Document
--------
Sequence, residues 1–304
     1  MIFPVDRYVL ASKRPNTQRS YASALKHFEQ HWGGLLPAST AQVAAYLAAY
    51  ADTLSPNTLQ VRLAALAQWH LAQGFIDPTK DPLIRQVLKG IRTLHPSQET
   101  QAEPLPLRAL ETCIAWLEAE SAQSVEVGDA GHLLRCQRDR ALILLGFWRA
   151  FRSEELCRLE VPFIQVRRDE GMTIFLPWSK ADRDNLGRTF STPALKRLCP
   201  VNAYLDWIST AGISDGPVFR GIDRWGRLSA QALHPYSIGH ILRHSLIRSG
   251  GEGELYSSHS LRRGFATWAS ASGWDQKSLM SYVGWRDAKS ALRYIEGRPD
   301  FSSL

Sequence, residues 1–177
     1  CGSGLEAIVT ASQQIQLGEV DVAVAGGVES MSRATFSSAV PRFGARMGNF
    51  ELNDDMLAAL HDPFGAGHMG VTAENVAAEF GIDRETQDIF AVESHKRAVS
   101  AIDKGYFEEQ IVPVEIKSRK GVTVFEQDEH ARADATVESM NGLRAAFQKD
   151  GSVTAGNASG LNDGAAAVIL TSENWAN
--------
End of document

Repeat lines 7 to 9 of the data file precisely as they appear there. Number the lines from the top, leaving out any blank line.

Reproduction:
   251  GEGELYSSHS LRRGFATWAS ASGWDQKSLM SYVGWRDAKS ALRYIEGRPD
   301  FSSL

Sequence, residues 1–177